A further round of taste treats unfolded, thanks to the fifth annual Otto Candies, LLL “How Sweet It Is!” dessert and dancing event. Guests enjoyed the American Sector’s impressive array of desserts and bounded to the floor to shake a leg to the sounds of James Andrews and the Crescent City All Stars.
Headliners included the above Cokie Boggs, whose married surname is Roberts, along with museum President and CEO Gordon “Nick” Mueller with spouse Beth, former California Gov. and Mrs. Pete Wilson, Richard Adkerson, event chaircouples Frank and Paulette Stewart and Joe and Deborah Exnicios, Jackie and Buzz Clarkson, Bill and Mary Hines, John and Sylvia Laborde, Herschel and Anne Abbott, Robert and Donna Taylor, Nickie Candies, Madlyn and Paul Hilliard, and Suzanne and Michael Mestayer.
“Victory” made the spirit of the posthumous awardee viable for the future. Proceeds from the ball helped create the Lindy Boggs Educational Endowment, which will enable the museum to inform and influence the next generations about the indomitable American spirit.
At Longue Vue, Daughters of the British Empire President Jane Caruso welcomed members and guests to the seventh annual Spring Tea fundraiser: “British Afternoon Tea” with a “Downton Abbey” theme.
Heather Cavanagh and the Elizabethan Chapter designed the table decorations of hand-painted terra cotta pots containing spring flowers. A mounted photograph of television’s Downton Abbey elicited smiles. So did the thematic, early 1900s costumes inspired by the Masterpiece Classic series, which produced first and second prize tributes for Tanya Mennear and Colleen Dicosola.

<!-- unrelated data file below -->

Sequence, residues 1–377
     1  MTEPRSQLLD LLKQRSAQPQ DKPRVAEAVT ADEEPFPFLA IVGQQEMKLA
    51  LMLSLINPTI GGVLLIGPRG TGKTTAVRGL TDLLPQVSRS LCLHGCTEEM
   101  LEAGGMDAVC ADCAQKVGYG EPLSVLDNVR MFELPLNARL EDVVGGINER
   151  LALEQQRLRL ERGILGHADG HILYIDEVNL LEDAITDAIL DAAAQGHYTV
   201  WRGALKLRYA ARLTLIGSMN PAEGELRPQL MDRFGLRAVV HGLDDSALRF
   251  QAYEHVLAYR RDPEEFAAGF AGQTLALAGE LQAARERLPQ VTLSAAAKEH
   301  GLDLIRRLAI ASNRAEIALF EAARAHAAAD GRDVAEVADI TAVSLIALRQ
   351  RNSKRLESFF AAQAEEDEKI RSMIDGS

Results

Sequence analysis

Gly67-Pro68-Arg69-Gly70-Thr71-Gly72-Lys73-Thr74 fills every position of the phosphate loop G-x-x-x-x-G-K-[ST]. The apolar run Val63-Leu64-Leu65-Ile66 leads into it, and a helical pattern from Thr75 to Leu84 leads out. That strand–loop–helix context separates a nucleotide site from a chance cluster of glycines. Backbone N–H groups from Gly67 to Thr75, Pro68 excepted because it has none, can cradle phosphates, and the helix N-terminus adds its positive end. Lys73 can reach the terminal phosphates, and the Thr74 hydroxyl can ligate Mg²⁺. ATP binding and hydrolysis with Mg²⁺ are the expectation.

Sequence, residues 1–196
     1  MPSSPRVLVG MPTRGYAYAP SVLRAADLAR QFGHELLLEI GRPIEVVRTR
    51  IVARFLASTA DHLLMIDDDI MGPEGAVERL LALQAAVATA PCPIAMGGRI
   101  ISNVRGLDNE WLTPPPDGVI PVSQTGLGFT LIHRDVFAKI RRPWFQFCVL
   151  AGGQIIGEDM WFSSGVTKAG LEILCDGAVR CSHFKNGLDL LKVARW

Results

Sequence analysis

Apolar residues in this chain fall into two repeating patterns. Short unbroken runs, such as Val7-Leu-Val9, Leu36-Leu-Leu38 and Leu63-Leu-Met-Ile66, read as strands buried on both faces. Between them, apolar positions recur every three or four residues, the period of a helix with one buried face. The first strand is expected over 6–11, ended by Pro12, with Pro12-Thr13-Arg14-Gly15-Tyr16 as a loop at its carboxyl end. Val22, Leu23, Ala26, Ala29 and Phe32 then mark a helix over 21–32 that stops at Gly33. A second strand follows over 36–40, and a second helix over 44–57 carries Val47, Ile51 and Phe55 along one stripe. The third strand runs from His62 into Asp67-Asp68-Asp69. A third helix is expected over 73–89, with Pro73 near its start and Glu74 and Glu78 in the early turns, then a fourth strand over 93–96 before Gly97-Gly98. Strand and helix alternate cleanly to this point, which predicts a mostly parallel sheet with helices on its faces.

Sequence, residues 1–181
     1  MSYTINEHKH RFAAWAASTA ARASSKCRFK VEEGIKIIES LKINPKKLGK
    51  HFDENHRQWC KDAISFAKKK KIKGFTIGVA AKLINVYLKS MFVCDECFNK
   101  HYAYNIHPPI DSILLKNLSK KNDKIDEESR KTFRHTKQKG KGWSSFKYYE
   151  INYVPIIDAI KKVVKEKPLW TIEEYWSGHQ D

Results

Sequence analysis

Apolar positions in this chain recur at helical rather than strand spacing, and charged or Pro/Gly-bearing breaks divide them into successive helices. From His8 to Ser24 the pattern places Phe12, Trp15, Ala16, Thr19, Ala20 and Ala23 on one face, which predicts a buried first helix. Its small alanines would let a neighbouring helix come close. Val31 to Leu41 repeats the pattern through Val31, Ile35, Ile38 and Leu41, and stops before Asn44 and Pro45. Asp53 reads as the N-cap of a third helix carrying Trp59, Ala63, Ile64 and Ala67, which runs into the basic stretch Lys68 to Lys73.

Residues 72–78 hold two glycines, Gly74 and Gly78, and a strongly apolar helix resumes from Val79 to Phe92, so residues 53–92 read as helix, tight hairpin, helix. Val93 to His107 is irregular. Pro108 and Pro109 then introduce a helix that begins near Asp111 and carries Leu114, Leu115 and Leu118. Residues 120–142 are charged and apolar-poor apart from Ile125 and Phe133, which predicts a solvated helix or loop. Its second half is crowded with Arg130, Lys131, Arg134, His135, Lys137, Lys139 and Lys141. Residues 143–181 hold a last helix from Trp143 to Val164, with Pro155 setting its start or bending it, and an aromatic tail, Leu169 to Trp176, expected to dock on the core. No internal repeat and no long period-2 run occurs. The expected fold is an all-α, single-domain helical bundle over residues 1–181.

Former DBE state President Esther Coy orchestrated the food, proffering traditional British afternoon tea fare of dainty sandwiches, scones, lemon curd and strawberry jam. Little sweets were presented on pedestal cake stands for guests to partake at their leisure. Of course, tea was the focused feature and it was poured by costumed servers from Brown Betty tea pots.
More features were the raffle, which was presided over by Rachael Hatley and assistant Charlotte Floberg, and the door prizes. The DBE in Louisiana acquired through Stuart Bamforth an extensive collection of books, many quite rare, on the British monarchy. He donated them in memory of his wife, Olivia, a DBE member, and several of these books became door prizes.
Making “Tea” their togetherness were Tim and Jan Lantrip, owners of the English Tea Room in Covington (and donors of the scones); Alice Dantro, representing the Daughters of 1812; Eileen Garey and Catherine Haws, both volunteers at the National WWII Museum; Dr. Rennie Culver, Paula Dickey and Richard Gill, Liz Smith and Beth Goddard of the English-Speaking Union; Lee Maloney, who was celebrating her 91st birthday; and Jenny Blythe, Mandy Tebbutt, June Mears, Linda Curphey and Eileen McShane of the DBE Strawberry Fields Chapter in Baton Rouge. Mingling too was Margot (Mrs. Richard McNeely), who as Marigold Bostock-Wilson was one of the Wrens in World War II, who worked at Bletchley Park and succeeded in breaking the German Enigma code.
Many others reveled in this delightful camaraderie and credited the DBE for the socializing and its good works. The DBE chapter in Louisiana was chartered in 1959 and comes under the umbrella of the National Society of the Daughters of the British Empire, a philanthropic society that has been active in more than 30 states in the U.S. for over 100 years.